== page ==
Michael focused mainly on a bowl of vermicelli with spring rolls, some delightfully flavoured and shredded mock chicken, lettuce, mint, cucumber and dipping sauce ($12).

I was at least as impressed again by the DIY rice paper rolls ($16) - they featured a mix of tofu, mock beef and crispy-skinned mock pork rubbed with lemongrass and spices, served with the requisite vermicelli, lettuce, mint, vegetables and dipping sauce. We couldn't bear to leave a shred of this behind.

While Vina is not particularly atmospheric, it had a appealing golden light on this grey evening and the staff were welcoming. The food - particularly our main dishes - was terrific! The noodle soups, noodle bowls and fried rice plates are especially good value at just $12 each. If only I lived a little closer, I'd love to slink in for regular low-fuss feeds.



395 King St, Newtown NSW
(02) 9557 0456
veg entrees $4-6, mains $6-18

Accessibility: Vina has a ramp on entry and moderate-to-tightly spaced tables. We ordered at the table and paid at a high counter. We didn't visit the toilets, but Toilography did.

Monday, February 18, 2013

Luxe Bakery

February 3, 2013

I spent a bit of time pre-Sydney trip trawling through The Unbearable Lightness of Being Hungry for veggie cafe tips in and around Newtown. Her post talking up the excellence of the hash browns at Luxe Bakery pushed it straight to the top of my list, and we headed in to check it out on Sunday morning.

Luxe is popular - not quite so popular that you have to queue for a table, but popular enough that there's almost never a free space. It's a pretty big room too, with a couple of large shared tables and a scattering of smaller options. Bizarrely, they had basically one person trying to manage the whole arrangement - seating people, taking orders, rearranging chairs, clearing tables etc. Luckily she was possibly the friendliest, most energetic and most ridiculously efficient waitress we've ever come across, so things just about stayed on track despite almost constantly threatening to tip into chaos.

The breakfast menu is brief - eggs with a range of sides, a couple of kinds of muesli and toast plus a special of the day (meaty, at least on the day we were there). There's a short lunch menu as well, along with a massive cabinet full of sandwiches and sweets. Given the lack of pancakes/hotcakes/French toast-style options on the menu (and the reputation of the hash browns), Cindy went savoury, ordering scrambled eggs with a hash brown and some avocado ($10.50 + $4 + $4).

I ordered a variation on my standard brekkie fare: poached eggs, beans and a hash brown ($10.50 + $4.50 + $4). 

Both of these were solid meals - well cooked eggs, nice sourdough toast (although only the one slice) and decent sides. The avocado was perfectly ripe and the beans were surprisingly richly flavoured - almost like a bolognese sauce. The hash browns came with such a lot of hype that we were both a smidgen disappointed - they were basically the same as the ones we make at home but a bit underseasoned. Sure, the texture was great (super crispy on the outside, lovely and soft inside) but they needed a good pinch of salt to really hit the mark.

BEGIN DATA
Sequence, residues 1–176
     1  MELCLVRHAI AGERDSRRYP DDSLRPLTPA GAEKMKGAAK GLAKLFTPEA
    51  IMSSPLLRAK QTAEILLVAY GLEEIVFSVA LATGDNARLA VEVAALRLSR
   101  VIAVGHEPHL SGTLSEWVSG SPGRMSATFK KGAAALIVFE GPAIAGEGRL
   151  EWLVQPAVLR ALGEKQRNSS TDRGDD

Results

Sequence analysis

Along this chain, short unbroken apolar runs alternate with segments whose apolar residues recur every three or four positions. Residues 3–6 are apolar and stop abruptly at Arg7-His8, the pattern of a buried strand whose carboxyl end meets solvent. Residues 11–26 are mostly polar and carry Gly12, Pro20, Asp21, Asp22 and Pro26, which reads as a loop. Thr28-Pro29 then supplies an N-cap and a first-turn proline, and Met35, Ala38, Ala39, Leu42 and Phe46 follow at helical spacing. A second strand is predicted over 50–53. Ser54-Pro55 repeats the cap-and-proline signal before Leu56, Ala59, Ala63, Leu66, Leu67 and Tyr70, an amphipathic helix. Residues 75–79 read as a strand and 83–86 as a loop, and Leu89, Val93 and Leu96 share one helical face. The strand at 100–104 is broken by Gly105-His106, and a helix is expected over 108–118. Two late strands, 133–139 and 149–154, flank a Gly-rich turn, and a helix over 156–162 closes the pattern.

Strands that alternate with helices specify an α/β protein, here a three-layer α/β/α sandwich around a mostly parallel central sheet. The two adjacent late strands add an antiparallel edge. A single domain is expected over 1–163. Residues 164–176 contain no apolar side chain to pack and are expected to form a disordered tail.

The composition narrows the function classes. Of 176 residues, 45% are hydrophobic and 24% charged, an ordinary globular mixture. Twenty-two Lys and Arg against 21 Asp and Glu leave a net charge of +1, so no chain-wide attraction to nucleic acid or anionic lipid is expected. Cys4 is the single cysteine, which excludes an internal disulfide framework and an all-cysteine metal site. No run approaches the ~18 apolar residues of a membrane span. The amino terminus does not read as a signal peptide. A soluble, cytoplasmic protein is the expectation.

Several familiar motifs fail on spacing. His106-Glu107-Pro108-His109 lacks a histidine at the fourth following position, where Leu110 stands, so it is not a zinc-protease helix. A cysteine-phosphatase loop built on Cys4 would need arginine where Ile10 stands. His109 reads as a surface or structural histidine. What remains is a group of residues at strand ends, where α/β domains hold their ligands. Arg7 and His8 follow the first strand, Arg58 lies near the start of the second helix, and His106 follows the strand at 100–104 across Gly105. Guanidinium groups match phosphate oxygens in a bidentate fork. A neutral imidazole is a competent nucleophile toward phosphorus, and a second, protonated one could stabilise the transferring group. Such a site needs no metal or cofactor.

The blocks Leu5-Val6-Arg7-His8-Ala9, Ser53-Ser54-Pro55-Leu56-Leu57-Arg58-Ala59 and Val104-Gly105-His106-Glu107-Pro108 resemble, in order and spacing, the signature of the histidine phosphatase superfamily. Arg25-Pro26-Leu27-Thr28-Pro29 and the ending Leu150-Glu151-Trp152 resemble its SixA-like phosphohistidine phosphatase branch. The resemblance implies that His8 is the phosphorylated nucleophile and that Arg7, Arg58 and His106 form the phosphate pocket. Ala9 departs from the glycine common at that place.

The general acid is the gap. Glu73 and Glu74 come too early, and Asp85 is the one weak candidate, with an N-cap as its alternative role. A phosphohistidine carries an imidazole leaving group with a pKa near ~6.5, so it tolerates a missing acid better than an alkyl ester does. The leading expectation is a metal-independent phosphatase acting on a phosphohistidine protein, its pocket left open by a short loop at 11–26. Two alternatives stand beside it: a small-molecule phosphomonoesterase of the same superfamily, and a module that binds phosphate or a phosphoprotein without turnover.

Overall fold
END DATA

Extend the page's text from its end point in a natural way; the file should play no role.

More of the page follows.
We spent half our meal eyeing off the distant sweets cabinet, somewhat guiltily ordering an almond tart ($4.50) even though the demand for tables was growing.

This was top notch - sweet, light and studded with rhubarb pieces. It left me wanting to try more of the goodies in their front cabinet.

We were pretty happy with our brekkie at Luxe - the food was good, the service friendly and efficient (even if things would have been smoother if they employed two good waitstaff rather than just one excellent one) and the coffee solid. Prices are a bit high - we ended up busting through $50 for two meals, drinks and a shared sweet, which seems a bit much for the first meal of the day. It's not a relaxing place on the weekend either - you'd be a bold customer to lounge around reading the papers in the face of the steady stream of new customers. Still, it seems like a reliable source of decent brekkie food and good coffee - well worth the occasional visit.


Luxe Bakery
195 Missenden Road, Newtown
(02) 8084 1775
veg breakfasts $5-20+

Accessibility: There a few steps up to get to Luxe, and things are pretty crowded inside (particularly around the doorway near the cash register/takeaway coffee queue). There's full table service, and the staff are incredibly helpful. We didn't visit the toilets.

Friday, February 15, 2013

Momofuku Seiobo

February 2, 2013

Michael was pretty keen to eat somewhere fancy in Sydney, and I couldn't think of anything fancier than David Chang's Momofuku Seiobo. I was less attracted by the big name and more by praise for the venue's vegetarian options on The Unbearable Lightness of Being Hungry - it was Lee's favourite meal of 2011. Attraction is one thing; getting a reservation is more about dedication and precision timing. Tables open up on the website at 10:00am, ten days in advance of the meal. On my first attempt I logged in, wavered a few too many seconds over the seating, and was bumped off. It was over in 40 seconds. Twenty-three hours, fifty-nine minutes and 20 seconds later I clicked indiscriminately, halved my time on site and secured our table. Phew.

From there I faced strict email instructions, a friendlier confirmation phone call and a slightly nervous journey to the venue, with the threat of losing my table and $350 off my credit card the potential consequence of running late. Our reward for arriving a few minutes early was extra time with the drinks list before the show began. I was delighted to discover more than one meal-matching option: in addition to the standard procession of wines ($95pp) there's a reduced pairing ($60pp) and a non-alcoholic pairing of vegetable and fruit juices ($55pp). Awfully nice of 'em to consider us cheap drunks and tee-totallers.